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Sunni sheik is laid to rest in Anbar

Al Qaeda in Iraq claims to have killed Rishawi, whose brother is likely to take over his council. Four U.S. troops slain.

September 15, 2007|Sam Enriquez and Julian E. Barnes | Times Staff Writers

BAGHDAD — Thousands of people paid respects Friday to the slain sheik credited with forging ties between Sunni tribesmen and the U.S. military, as American leaders mulled over the prospects of his expected successor.

The U.S. military reported that four U.S. soldiers were killed in Diyala province by an explosion near their vehicle. No names were released pending notification of their families, and no further details were available.

The insurgent group Al Qaeda in Iraq on Friday posted an Internet statement claiming responsibility for the killing of Abdul Sattar Rishawi, who had persuaded Sunni Muslim tribes in Anbar province that once backed the insurgency to accept U.S. cooperation and arms to fight militants.

The killing of Rishawi on Thursday in a bombing outside his home was a setback to U.S.-led efforts to stabilize Anbar, which President Bush has cited as a success of the military buildup he ordered this year.

The slain sheik's tribal coalition, the Anbar Salvation Council, will reportedly be taken over by his elder brother, Ahmed Rishawi, who lashed out against insurgents for the killing. "We are going to continue our fight and avenge his death," he said.

At the Pentagon, Army Col. Sean B. MacFarland predicted that with Abdul Sattar Rishawi's death, others would vie for increased influence over the Anbar council, but that they would remain U.S. allies.

"There will be a different kind of leadership," he said, more diffuse but still united.

MacFarland, as commander of the 1st Armored Division's 1st Brigade, led U.S. forces in the provincial capital, Ramadi, in 2006 and helped broker the deal between U.S. forces and Rishawi last September.

Sunni insurgents had declared Anbar part of their self-proclaimed Islamic State of Iraq, subject to draconian laws and harsh punishment. Resentment was growing among tribal leaders, who saw their influence and power eroding.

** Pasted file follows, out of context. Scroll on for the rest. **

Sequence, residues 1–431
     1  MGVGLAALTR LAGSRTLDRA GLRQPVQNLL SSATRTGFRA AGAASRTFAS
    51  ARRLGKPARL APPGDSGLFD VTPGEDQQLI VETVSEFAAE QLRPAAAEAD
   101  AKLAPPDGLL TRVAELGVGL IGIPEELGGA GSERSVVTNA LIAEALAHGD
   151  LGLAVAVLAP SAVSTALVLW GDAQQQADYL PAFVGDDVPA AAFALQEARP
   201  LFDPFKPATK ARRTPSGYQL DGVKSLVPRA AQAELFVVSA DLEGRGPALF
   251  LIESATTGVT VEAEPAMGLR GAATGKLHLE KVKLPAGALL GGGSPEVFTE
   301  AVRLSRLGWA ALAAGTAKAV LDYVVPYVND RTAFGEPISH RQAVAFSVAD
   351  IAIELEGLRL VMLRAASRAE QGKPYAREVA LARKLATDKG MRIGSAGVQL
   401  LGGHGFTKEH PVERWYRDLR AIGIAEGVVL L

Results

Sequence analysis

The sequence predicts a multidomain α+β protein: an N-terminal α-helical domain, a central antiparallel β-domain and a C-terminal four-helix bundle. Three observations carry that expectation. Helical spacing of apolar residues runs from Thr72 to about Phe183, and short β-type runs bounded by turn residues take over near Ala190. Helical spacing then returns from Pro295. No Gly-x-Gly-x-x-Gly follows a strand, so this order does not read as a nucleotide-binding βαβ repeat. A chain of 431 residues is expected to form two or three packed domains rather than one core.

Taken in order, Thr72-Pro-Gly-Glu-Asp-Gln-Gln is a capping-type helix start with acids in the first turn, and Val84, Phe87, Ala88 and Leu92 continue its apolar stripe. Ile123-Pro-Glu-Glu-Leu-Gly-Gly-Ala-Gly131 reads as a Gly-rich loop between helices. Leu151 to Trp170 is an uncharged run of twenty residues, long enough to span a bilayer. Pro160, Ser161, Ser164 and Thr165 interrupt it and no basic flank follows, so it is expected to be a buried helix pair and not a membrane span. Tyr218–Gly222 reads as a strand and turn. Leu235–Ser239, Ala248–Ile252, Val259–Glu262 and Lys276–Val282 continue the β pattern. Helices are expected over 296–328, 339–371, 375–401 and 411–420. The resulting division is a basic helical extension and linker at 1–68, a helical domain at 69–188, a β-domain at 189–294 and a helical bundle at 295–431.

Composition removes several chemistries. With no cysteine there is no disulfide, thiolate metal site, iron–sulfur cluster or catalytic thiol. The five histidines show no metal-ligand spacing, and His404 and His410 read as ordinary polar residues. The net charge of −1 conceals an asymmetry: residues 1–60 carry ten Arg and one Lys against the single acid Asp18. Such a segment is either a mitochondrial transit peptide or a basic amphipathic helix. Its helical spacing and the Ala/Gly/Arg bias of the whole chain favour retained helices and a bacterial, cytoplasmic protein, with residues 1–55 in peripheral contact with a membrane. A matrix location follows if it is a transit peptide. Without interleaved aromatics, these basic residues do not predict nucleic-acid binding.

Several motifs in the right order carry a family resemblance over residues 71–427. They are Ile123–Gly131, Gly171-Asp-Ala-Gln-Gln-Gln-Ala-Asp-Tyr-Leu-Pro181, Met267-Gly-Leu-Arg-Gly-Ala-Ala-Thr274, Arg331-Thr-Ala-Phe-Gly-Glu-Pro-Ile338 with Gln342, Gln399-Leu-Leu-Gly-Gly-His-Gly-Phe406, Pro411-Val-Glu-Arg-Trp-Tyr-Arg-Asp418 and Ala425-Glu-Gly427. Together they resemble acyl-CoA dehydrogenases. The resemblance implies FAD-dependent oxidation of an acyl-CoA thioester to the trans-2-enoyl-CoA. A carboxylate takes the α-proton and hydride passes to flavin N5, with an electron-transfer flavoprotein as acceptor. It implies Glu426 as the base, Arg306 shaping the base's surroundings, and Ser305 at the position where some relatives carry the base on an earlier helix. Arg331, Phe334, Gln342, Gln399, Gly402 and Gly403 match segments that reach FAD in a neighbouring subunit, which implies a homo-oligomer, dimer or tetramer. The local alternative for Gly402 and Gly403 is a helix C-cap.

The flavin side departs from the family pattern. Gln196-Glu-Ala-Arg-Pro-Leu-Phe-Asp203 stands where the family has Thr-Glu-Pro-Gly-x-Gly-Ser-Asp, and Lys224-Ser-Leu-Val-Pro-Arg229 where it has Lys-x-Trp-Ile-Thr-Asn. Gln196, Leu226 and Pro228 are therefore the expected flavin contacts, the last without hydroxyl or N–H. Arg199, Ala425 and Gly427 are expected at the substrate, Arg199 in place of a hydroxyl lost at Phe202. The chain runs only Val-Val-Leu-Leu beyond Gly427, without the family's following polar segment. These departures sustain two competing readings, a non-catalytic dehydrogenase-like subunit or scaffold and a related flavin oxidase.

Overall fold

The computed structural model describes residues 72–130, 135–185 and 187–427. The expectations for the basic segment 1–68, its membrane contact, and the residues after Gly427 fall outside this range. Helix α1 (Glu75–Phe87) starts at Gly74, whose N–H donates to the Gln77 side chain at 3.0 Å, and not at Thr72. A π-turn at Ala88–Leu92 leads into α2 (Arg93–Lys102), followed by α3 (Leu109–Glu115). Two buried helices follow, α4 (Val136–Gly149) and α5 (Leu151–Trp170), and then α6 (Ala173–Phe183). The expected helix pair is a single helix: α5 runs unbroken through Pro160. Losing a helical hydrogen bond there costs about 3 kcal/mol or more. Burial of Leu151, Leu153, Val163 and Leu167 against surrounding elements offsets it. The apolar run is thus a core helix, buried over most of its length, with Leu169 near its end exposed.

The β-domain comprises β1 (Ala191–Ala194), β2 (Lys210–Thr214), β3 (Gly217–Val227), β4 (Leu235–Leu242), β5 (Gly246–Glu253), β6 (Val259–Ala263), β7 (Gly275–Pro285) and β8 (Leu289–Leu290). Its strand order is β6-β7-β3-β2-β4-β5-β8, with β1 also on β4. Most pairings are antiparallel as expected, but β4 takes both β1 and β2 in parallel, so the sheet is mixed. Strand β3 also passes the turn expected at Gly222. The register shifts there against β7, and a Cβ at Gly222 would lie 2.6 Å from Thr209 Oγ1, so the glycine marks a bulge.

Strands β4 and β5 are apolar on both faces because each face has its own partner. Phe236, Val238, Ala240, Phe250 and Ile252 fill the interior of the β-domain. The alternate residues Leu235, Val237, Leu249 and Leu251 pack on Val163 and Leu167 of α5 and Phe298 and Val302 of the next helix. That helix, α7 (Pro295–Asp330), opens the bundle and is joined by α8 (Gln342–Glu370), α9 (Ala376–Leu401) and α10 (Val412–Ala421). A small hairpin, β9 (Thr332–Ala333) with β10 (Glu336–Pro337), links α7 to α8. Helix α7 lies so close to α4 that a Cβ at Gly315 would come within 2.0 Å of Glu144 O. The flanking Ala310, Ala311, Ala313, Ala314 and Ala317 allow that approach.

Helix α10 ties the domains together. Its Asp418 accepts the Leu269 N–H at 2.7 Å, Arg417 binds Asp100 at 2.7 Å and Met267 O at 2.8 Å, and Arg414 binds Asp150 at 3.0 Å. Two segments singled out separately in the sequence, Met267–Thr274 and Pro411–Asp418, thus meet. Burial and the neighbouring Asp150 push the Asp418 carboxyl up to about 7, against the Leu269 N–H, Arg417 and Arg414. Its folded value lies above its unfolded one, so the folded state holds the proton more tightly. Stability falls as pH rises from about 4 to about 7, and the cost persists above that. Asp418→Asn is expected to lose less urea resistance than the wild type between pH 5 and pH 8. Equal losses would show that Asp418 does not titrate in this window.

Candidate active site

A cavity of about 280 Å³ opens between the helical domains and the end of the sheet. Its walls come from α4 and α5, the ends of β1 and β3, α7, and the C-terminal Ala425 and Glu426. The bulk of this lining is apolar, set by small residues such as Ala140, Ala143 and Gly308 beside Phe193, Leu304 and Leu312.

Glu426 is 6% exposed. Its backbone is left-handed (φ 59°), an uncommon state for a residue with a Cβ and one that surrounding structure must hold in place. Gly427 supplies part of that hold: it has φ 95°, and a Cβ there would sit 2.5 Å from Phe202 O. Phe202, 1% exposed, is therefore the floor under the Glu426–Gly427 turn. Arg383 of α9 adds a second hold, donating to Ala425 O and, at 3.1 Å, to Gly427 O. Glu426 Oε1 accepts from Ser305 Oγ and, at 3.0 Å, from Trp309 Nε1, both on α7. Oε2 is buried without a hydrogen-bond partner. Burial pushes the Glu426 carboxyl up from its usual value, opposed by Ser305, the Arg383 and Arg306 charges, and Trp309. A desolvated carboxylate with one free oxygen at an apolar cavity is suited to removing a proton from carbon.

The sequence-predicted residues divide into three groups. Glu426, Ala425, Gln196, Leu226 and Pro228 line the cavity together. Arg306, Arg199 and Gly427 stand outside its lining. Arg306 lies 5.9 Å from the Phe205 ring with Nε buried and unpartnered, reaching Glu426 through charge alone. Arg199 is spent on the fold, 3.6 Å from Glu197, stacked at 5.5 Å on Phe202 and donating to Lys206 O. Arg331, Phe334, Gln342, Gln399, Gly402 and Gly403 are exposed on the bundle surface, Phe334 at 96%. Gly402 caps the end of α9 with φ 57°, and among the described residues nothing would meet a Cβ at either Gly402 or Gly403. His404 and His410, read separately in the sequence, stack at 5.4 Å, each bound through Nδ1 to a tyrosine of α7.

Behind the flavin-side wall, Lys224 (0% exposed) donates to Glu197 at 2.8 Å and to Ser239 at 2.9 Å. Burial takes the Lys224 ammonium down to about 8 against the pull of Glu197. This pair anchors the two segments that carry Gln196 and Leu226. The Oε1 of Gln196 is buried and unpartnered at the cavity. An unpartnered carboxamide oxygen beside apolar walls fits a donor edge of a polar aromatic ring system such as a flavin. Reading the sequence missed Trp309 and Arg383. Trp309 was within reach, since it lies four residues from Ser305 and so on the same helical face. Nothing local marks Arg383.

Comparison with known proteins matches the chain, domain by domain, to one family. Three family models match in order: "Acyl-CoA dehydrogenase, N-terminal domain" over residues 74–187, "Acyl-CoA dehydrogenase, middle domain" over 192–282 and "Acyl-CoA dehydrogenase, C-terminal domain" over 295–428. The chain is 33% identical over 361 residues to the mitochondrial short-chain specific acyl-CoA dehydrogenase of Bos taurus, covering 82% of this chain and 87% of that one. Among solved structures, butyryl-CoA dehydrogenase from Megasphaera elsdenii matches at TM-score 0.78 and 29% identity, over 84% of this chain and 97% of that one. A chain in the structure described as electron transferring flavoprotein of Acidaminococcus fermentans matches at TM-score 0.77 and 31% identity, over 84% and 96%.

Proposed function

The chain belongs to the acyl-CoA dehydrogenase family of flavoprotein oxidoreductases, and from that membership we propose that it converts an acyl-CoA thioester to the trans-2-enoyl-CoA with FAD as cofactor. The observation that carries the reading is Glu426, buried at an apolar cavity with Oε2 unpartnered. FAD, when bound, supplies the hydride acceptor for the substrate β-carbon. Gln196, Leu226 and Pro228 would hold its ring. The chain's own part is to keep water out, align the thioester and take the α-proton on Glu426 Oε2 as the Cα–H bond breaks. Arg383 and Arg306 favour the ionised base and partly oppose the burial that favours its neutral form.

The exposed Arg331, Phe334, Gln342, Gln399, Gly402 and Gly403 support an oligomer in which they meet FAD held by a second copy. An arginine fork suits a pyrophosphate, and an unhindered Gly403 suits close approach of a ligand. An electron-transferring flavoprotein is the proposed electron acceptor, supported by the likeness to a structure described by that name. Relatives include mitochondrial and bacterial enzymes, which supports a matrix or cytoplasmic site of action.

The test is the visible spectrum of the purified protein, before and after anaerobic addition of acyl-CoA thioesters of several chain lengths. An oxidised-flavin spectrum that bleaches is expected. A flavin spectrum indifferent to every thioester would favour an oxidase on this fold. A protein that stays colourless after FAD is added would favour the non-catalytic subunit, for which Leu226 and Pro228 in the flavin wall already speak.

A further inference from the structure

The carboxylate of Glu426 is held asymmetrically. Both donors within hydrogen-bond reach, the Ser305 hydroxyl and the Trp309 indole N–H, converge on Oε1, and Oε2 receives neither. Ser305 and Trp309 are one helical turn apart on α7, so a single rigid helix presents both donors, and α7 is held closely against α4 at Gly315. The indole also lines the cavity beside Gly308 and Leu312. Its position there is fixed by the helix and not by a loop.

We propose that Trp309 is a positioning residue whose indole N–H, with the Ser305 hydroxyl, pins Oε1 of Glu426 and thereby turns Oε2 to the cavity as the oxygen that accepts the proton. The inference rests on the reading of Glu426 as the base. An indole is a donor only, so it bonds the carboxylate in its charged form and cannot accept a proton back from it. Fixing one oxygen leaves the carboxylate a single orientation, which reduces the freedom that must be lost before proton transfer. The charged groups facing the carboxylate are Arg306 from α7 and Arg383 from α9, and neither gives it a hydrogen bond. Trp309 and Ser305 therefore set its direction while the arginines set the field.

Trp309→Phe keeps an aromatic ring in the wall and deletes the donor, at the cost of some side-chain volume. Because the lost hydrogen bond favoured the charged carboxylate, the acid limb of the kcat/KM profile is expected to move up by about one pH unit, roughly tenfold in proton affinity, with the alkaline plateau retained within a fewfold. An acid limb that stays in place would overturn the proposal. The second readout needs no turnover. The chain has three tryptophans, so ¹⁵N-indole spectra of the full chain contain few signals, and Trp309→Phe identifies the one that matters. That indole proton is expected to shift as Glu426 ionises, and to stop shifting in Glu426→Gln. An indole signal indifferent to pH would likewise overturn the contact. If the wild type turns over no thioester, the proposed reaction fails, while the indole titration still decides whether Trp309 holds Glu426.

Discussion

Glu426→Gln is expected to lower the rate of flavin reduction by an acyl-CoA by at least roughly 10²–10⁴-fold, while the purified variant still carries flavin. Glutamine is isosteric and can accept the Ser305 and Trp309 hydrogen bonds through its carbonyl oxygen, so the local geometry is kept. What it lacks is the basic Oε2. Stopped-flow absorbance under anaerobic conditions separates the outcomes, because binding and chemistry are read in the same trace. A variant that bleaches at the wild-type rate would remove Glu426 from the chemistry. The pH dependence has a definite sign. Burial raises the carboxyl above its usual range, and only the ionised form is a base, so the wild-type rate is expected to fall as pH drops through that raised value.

Rishawi "saw his opportunity for revenge and he took it," MacFarland said. The sheik, also known as Abu Risha, succeeded in persuading leaders of the other Sunni Arab tribes in the region to rally to his side and ally with the U.S.

The Rishawi brothers were a striking contrast, said MacFarland: Abdul Sattar in traditional clothing, a charismatic risk-taker; and the college-educated Ahmed in Western suits, a businessman and deal maker.

Abdul Sattar Rishawi's critics said he took too much credit for turning back the insurgents in Anbar and that his ambition alienated other tribal leaders. His success in leveraging funding and weapons for his council from U.S. and Iraqi sources had not gone unnoticed.

Ahmed, who holds a degree in political science, "will have more of a consensus type of approach, where Sattar was more, 'My way or the highway,' " MacFarland said.

Rishawi, already praised as a martyr, will have a lasting influence, he said: "more powerful in death than in life."

An estimated 1,000 people attended Rishawi's funeral Friday, paying respects to one of the few Sunni tribesmen who spoke of reaching across sectarian lines. He had hoped to use his successes in Anbar as the basis for an entry into national politics. He had formed a party, the Iraqi Awakening Conference, and traveled in June to Baghdad to meet with Shiite Muslim leaders.

Mourners included the Defense and Interior ministers in Prime Minister Nouri Maliki's Shiite-dominated government.

"Rishawi is a national hero," said national security advisor Mowaffak Rubaie. Bush sent his condolences through the U.S. ambassador in Jordan.

Rishawi knew he was on dangerous ground, throwing his lot in with U.S. forces and even posing with Bush last week during the president's one-day visit to Anbar. But if he had any fears, he kept them hidden.

"I'm not scared," he said, as he acknowledged to The Times in June that he was a marked man. "The only thing that scares me is not being right."

Fingers of suspicion have been pointed in all directions over the bombing on the outskirts of Ramadi, about 60 miles west of Baghdad. Sectarian and ethnic rivalries have caused tens of thousands of deaths, with lines of conflict often blurred by ambitions, jealousies and religious extremism.

The Islamic State of Iraq, an umbrella group that includes Al Qaeda in Iraq, claimed it had planned the killing for a month, a punishment for Rishawi's collaboration with Americans, according to the Internet posting.

"You cannot eliminate the possibility that it was a home-grown effort by those political opponents within Iraq who are concerned about the growing political power of the Sunnis," said retired Gen. William Nash of the Council on Foreign Relations.

But, said Nash, the killing could also have been carried out by someone planted inside Rishawi's circle by Sunni insurgents.

"Rishawi has security all over his place; therefore it was either a breach . . . or it's an inside job," said Louai Dulaimi, Rishawi's office manager. "It's practically impossible to infiltrate the area where he was killed."

Also Friday, seven police officers were reportedly killed in Baiji, north of Baghdad, in a truck bombing at a checkpoint. In Fallouja, east of Ramadi, one policeman was killed and two injured by a remote-controlled bomb planted near their car. And in the northern city of Kirkuk, an Iraqi army officer was shot dead in front of his house.



Enriquez reported from Baghdad and Barnes from Washington. Times staff writers Mohammed Rasheed, Said Rifai, Saif Rasheed and Raheem Salman and special correspondent Usama Redha contributed to this report.

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